Currently I'm getting roughly 5.2km/kWh on average; we took it on the highway briefly once and it behaved amazingly, and so far I know it doesn't like long hills, going upwards. Going down, the regen loves it. I have been checking A Better Route Planner to have an idea of what the range will be, and actually put in there a trip we made recently and the amount of battery drain is spot on, so so far I trust it.
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LeftieBiker
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Re: Living in Apartment Building - Charging questions

The 30kwh batteries are gone, because many if not most of them were terrible. The good news is that since warranty replacements are now 40kwh batteries from the Gen II Leaf, those should be available in another year or two, if not sooner, to buy. You'd be looking at a range of roughly 150 miles with a 40kwh battery.

I suggest you not try a BMS reset, assuming that you can get one done. You'd be looking at months before seeing any improvement, and such improvement would be tiny. Focus on driving the car efficiently. You are already getting fantastic efficiency. I'm going to link our Tips & Tricks document. Many of the techniques don't apply to Gen 1.0 Leafs, but many do.

https://www.mynissanleaf.com/viewtopic.php?p=482154
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SageBrush
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Re: Living in Apartment Building - Charging questions

LeftieBiker wrote: Tue Apr 19, 2022 11:32 am You are already getting fantastic efficiency.
5.2 *km*/kWh is not amazing. It could be explained by the weather, traffic, or hilly city.
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LeftieBiker
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Re: Living in Apartment Building - Charging questions

True enough - I forgot to convert from km. All the more reason to read the T&T guide.
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alozzy
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Re: Living in Apartment Building - Charging questions

Battery replacement is unlikely, due to ICBC and the salvage market they control.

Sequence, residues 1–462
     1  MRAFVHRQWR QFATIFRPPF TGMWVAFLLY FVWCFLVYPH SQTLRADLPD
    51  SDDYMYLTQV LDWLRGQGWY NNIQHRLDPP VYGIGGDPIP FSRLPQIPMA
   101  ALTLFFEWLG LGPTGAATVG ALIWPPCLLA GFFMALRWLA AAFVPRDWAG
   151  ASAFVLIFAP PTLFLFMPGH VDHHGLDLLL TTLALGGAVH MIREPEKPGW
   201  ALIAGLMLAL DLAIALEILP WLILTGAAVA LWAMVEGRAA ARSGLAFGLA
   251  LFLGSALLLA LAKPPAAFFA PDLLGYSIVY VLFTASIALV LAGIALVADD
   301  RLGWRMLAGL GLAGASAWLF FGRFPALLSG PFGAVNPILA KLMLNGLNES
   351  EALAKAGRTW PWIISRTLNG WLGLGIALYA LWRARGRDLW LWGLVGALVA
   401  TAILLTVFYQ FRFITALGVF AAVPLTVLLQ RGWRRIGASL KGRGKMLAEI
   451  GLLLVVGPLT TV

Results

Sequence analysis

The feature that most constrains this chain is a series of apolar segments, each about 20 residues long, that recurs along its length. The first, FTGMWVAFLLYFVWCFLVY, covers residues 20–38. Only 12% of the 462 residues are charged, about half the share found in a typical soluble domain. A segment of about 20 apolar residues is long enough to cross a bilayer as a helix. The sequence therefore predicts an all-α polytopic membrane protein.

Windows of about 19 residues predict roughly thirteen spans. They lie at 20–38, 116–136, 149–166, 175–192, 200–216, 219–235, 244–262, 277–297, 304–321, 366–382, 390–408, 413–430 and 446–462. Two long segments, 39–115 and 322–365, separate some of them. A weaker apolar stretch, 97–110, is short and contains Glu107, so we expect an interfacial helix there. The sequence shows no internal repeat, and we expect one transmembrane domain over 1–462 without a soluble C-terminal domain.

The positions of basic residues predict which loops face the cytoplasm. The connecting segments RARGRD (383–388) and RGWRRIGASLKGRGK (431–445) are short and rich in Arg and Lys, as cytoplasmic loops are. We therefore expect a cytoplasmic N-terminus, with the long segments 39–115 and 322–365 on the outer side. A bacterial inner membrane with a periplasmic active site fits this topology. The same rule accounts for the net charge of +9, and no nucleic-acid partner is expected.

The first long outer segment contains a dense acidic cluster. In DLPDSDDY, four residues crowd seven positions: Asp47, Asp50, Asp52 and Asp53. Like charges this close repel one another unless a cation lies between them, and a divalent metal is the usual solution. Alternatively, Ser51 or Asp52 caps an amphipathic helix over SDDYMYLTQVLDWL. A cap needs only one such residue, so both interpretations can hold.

The best bet is likely in Washington State. They seem to have a perpetual backlog, at EV Works though:

https://www.ev-works.com/

I don't know of anyone who has actually done a battery swap with these guys, but they seem capable:

https://www.precisionautoservice.com/

The hardest part is finding a used, healthy battery pack.
Vancouver, CA owner of a 2013 Ocean Blue SV + QC, purchased 01/2017 in WA
Zencar 12/20/24/30A L1/L2 portable EVSE
1-1/4" Curt #11396 hitch
After market, DIY LED DRLs
LeafSpy Pro + Konnwei KW902 ELM327 BT OBDII dongle
Loving my first BEV :D
Jctz1
Posts: 17
Joined: Thu Apr 14, 2022 7:04 pm
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Leaf Number: 015219
Location: General Vancouver Area, BC, Canada

Re: Living in Apartment Building - Charging questions

LeftieBiker wrote: The 30kwh batteries are gone, because many if not most of them were terrible. The good news is that since warranty replacements are now 40kwh batteries from the Gen II Leaf, those should be available in another year or two, if not sooner, to buy. You'd be looking at a range of roughly 150 miles with a 40kwh battery.

I suggest you not try a BMS reset, assuming that you can get one done. You'd be looking at months before seeing any improvement, and such improvement would be tiny. Focus on driving the car efficiently. You are already getting fantastic efficiency. I'm going to link our Tips & Tricks document. Many of the techniques don't apply to Gen 1.0 Leafs, but many do.

https://www.mynissanleaf.com/viewtopic.php?p=482154
Been going through the tips and tricks document. The blue e was very helpful! I'll keep it bookmarked for future reference. And I do hope I can find a newer battery in a couple of years. Thanks!
SageBrush wrote: 5.2 *km*/kWh is not amazing. It could be explained by the weather, traffic, or hilly city.
I was happy and got brought down back to earth by this one, hahaha. It's fair, it's an older car. We are still figuring out if it adapts to our needs well, which I hope it does, cos I love this car so far.
alozzy wrote: Battery replacement is unlikely, due to ICBC and the salvage market they control.

The best bet is likely in Washington State. They seem to have a perpetual backlog, at EV Works though:

https://www.ev-works.com/

I don't know of anyone who has actually done a battery swap with these guys, but they seem capable:

https://www.precisionautoservice.com/

The hardest part is finding a used, healthy battery pack.
I saw Precision auto when looking for places that could potentially service the car, before buying it. Which reminds me I have some questions about servicing, but I don't know whether to keep this thread alive with those or start a new one...

Thanks again for your continued input in this thread! It has been super helpful.
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tony17112acst
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Re: Living in Apartment Building - Charging questions

When I saw the title, I thought there might be a discussion on wiring up an outlet for you. I am a landlord and wonder how this will play out as more and more people will be purchasing electric cars.

Talk to your landlord and see if they'd be willing to split the cost with you to have an electrician run a new wire from your breaker box (service panel) out on to the wall of the building near where you park. Inform them that electric cars will be more prevalent soon and having the new outlet will make his apartment more desirable. for renters, maybe even get $10/month more for the apartment with the charging outlet.

I have a 12-unit building and am already trying to figure out how to get outlets on the exterior for tenants. It shouldn't be more than $100 for me since I know electric code and do my own wiring, which is legal where I am, as long as it's inspected by the local codes enforcement officer.